There are a number of educational benefits that can be achieved by harnessing true collaboration for teaching and learning. First, when working together on course assignments, students engaged in true collaboration construct new knowledge and often come to understand course content (domain knowledge) better and retain it longer than via individual projects and assignments (Dawley, 2007; Johnson & Johnson, 1990). Researchers have also found a connection between collaboration during learning and increased critical thinking skills development (e.g. Abrams, 2005; Du, Durrington, & Mathews, 2007; Lock & Redmond, 2006). Based on an extensive literature review and analysis, Prince (2004) concluded that “a number of meta-analyses support the premise that collaboration ‘works’ for promoting a broad range of student learning outcomes. In particular, collaboration enhances academic achievement, student attitudes, and student retention” (p. 227).

There are also social benefits to using collaboration for teaching and learning. Learner satisfaction and engagement are increased when students make social connections with other students (Anderson & Simpson, 2004). There is also a strong connection between building a sense of community among a group of learners and harnessing the educational and social benefits of collaboration (Lewis & Abdul-Hamid, 2006; Hanna et al., 2000; McElrath & McDowell, 2008). Once students feel a sense of community within a class environment, they are more likely to engage in true collaboration, as opposed to merely dividing up work tasks and working independently without meaningful interaction and shared learning.

Arnold and Paulus (2010) showed that using online social networks leads to increased community building among course participants of a blended delivery course. Indeed, technology, especially social technologies, can support community building among groups of learners. Technology can also help to reduce some of the common barriers to effective knowledge sharing, such as distance barriers and time constraints between participants (Hendricks, 1999; Ruggles, 1997). This suggests that social technologies are likely to be especially effective for promoting collaboration and community building in online courses.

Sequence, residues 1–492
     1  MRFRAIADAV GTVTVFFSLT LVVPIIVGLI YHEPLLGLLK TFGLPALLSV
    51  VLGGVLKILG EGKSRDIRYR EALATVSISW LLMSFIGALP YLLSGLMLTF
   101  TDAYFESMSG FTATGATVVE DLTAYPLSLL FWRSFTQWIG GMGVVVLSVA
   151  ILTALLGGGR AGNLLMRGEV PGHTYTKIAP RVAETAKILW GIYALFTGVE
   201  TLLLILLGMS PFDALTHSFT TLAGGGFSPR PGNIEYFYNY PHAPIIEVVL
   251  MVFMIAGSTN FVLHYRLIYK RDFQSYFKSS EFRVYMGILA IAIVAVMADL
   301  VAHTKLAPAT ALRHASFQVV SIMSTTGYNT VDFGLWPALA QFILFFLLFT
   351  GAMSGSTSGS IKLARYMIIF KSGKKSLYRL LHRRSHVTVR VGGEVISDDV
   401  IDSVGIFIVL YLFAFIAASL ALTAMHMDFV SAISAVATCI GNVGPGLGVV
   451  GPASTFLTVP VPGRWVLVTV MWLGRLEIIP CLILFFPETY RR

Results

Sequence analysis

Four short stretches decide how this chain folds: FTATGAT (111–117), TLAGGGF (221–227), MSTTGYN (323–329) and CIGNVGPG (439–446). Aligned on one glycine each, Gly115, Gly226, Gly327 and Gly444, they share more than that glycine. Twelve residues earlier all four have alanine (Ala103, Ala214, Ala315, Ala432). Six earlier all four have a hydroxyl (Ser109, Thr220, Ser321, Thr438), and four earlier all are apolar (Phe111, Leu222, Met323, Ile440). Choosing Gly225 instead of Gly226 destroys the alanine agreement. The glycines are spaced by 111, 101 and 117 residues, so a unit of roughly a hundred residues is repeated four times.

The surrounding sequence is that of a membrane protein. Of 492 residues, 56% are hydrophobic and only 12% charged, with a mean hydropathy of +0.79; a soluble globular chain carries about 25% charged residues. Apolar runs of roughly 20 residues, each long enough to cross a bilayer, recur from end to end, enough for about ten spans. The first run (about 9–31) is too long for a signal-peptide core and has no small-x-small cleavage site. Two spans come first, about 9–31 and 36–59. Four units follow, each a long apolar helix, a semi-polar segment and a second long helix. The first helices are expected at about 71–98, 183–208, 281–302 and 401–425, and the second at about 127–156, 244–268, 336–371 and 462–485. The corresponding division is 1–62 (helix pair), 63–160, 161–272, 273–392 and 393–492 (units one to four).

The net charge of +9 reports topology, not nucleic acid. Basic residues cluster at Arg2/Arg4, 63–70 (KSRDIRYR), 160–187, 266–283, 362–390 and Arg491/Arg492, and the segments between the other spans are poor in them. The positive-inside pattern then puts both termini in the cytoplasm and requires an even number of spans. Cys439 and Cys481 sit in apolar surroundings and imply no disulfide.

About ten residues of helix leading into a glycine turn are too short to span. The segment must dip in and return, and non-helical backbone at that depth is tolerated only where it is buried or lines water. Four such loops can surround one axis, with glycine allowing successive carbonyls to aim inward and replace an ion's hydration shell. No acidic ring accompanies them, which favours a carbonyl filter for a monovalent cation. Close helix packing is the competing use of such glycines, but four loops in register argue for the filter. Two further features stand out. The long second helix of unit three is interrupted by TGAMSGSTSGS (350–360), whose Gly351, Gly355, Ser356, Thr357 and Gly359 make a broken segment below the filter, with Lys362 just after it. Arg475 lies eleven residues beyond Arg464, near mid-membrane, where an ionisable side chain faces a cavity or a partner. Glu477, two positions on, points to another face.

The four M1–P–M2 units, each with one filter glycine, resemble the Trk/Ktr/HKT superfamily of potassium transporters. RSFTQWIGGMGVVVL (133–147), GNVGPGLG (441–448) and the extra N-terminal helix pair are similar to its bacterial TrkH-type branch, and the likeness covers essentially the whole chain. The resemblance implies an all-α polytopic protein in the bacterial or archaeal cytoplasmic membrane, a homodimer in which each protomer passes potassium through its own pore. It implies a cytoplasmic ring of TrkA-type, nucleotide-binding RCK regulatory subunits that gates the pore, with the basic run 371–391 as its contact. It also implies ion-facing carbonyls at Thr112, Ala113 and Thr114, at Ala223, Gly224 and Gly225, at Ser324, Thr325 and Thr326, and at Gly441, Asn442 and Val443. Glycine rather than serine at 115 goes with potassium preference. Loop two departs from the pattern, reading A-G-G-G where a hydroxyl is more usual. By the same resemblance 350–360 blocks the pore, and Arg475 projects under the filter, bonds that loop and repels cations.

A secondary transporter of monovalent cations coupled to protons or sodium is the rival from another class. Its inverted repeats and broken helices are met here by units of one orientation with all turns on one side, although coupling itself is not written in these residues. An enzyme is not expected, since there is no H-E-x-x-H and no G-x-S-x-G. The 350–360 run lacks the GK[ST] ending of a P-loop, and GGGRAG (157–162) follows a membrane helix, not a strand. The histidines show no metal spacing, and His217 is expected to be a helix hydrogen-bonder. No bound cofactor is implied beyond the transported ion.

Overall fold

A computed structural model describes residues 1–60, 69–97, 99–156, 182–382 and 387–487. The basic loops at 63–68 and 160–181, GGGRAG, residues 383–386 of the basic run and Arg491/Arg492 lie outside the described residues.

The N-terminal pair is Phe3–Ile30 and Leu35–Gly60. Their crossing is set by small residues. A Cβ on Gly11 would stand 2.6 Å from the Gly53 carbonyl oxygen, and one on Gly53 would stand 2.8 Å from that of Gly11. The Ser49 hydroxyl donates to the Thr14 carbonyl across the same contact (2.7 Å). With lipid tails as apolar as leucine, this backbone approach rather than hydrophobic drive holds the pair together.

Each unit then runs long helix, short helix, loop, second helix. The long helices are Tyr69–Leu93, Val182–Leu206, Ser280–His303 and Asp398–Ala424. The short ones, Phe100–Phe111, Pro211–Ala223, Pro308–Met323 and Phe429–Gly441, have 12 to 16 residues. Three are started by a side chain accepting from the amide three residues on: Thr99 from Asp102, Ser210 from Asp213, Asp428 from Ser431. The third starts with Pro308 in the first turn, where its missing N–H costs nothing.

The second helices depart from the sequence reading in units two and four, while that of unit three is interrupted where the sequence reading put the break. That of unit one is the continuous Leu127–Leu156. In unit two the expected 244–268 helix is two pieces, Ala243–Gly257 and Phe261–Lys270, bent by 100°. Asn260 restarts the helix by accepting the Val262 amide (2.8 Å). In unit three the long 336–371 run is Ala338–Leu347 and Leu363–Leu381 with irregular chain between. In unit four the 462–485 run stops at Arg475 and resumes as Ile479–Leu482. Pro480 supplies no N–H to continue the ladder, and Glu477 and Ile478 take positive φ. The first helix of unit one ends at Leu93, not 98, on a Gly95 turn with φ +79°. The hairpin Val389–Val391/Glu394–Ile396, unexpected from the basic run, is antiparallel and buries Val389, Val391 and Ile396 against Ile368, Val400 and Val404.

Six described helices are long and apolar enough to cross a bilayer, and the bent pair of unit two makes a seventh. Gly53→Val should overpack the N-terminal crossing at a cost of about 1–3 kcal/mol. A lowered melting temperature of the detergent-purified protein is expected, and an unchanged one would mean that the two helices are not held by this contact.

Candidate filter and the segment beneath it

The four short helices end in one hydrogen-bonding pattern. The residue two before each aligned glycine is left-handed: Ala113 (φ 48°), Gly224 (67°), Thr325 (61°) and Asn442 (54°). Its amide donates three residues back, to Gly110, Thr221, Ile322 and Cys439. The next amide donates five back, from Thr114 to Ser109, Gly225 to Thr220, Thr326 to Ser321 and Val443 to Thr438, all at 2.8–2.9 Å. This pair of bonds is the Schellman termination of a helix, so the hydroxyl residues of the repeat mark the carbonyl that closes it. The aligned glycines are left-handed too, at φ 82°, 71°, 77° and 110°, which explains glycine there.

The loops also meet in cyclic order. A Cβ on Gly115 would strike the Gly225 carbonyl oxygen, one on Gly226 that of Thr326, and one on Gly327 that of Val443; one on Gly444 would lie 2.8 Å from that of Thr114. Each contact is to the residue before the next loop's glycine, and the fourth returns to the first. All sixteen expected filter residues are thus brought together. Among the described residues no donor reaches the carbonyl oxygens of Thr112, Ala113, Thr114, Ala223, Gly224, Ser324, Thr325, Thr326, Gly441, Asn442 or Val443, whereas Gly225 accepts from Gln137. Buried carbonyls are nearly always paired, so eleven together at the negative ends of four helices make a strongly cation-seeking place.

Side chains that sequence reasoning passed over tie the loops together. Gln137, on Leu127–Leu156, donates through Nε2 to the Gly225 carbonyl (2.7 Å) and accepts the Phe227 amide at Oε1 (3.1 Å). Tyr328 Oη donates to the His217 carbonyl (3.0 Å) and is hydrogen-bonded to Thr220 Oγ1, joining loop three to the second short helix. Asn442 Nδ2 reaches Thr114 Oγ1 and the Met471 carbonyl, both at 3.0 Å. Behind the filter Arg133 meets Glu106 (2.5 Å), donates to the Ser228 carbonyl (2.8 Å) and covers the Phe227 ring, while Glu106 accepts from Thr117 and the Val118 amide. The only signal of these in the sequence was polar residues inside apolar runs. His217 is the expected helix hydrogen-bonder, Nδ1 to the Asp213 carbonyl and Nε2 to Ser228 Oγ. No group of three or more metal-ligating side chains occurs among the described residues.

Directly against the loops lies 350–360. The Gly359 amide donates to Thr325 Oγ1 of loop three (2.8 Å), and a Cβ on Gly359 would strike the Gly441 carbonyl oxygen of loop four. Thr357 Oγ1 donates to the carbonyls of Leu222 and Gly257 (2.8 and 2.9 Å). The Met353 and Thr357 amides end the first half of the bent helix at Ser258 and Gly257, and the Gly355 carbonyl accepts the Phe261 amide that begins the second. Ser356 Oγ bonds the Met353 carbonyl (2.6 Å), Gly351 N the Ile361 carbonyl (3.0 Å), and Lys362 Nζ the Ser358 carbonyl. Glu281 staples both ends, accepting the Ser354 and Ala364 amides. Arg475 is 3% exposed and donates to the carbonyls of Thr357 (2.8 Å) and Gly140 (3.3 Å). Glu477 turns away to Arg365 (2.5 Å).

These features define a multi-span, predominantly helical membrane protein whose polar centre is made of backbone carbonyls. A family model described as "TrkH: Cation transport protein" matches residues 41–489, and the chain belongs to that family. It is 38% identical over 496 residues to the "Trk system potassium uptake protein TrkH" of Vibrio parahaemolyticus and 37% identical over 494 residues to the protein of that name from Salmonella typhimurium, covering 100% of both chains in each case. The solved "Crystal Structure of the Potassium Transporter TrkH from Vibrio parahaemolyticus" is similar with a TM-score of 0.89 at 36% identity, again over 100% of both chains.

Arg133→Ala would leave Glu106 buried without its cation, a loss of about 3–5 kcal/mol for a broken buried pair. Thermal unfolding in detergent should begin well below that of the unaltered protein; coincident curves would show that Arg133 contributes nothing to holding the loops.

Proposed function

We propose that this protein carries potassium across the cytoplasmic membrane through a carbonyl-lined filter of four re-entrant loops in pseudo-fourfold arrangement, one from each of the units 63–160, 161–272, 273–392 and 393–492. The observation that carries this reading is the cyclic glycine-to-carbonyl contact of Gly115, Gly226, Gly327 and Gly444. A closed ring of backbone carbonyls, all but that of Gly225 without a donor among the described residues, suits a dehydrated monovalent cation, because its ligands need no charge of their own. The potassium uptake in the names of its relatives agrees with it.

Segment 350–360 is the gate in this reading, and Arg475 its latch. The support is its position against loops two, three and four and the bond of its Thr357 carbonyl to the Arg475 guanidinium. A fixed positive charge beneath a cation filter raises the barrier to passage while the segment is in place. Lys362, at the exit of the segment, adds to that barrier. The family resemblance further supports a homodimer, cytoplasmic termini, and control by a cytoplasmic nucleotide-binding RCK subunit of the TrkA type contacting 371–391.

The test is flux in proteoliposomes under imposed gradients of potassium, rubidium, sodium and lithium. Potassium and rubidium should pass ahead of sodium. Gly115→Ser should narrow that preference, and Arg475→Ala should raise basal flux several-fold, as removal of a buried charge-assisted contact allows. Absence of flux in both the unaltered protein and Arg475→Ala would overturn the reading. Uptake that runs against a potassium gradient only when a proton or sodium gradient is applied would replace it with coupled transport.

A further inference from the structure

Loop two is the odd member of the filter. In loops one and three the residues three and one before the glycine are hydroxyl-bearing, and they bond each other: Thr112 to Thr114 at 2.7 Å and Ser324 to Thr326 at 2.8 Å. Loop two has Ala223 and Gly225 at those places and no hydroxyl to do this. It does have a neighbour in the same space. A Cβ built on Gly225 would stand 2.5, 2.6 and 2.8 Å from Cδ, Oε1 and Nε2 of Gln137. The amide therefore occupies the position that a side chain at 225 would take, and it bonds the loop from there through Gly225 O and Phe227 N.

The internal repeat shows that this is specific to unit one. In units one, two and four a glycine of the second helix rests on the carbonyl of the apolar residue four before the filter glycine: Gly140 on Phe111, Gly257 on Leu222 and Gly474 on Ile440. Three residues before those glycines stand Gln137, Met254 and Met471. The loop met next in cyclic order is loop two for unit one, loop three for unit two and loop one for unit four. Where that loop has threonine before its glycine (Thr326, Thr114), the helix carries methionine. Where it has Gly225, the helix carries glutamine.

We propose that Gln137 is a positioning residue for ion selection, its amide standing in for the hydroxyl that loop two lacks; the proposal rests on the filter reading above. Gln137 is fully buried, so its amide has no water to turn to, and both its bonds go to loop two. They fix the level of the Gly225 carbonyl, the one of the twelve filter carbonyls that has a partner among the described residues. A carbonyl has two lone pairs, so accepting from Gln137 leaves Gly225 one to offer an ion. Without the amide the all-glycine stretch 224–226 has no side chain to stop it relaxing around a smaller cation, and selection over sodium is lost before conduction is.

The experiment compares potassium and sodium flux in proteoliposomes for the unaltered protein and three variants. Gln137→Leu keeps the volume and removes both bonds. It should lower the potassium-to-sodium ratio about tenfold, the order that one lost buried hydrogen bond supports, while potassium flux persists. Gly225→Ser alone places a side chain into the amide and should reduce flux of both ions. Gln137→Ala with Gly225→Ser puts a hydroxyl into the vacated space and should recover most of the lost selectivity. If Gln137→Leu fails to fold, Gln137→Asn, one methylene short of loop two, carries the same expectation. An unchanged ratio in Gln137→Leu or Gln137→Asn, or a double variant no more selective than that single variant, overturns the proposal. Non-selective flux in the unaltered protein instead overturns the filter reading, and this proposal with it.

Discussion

Concept of “Social Presence”

The concept of “social presence” might be key to fostering collaborating and community building in online courses. Social presence has been defined as “the degree to which a person is perceived as ‘real’ in mediated communication” (Richardson & Swan, 2003, p. 68). According to Ludwig-Hardman & Dunlap, “One of the most consistent problems associated with distance learning environments is a sense of isolation due to lack of interaction” (n.p.). Social presence can help to reduce students’ sense of isolation.

Lowenthal and Dunlap (2010) emphasized the importance of establishing social presence in online courses, arguing that “Social presence is now a central concept in online learning” (p. 70), yet “there is surprisingly little guidance on specific ways to establish social presence” online (p. 70). Richardson and Swan (2003) concluded that “the amount and/or intensity of social presence students perceived in their online courses, from both their instructor and/or their peers, was directly related to their perceived learning” (p. 79). Limited social presence is likely to be a barrier to community building in the online environment, and a limited sense of community is likely to result in reduced motivation for effective student collaboration.

In face-to-face environments, social presence is not an issue. Paechter and Maier (2010) surveyed 2,196 Austrian university students about their preferences in learning via online or face-to-face course components. They found that the students “preferred face-to-face learning for communication purposes in which a shared understanding has to be derived or in which interpersonal relations are to be established” (p. 292). Students seemed to find face-to-face learning more conducive to effective communication during collaborative and communicative learning activities.

Study Methods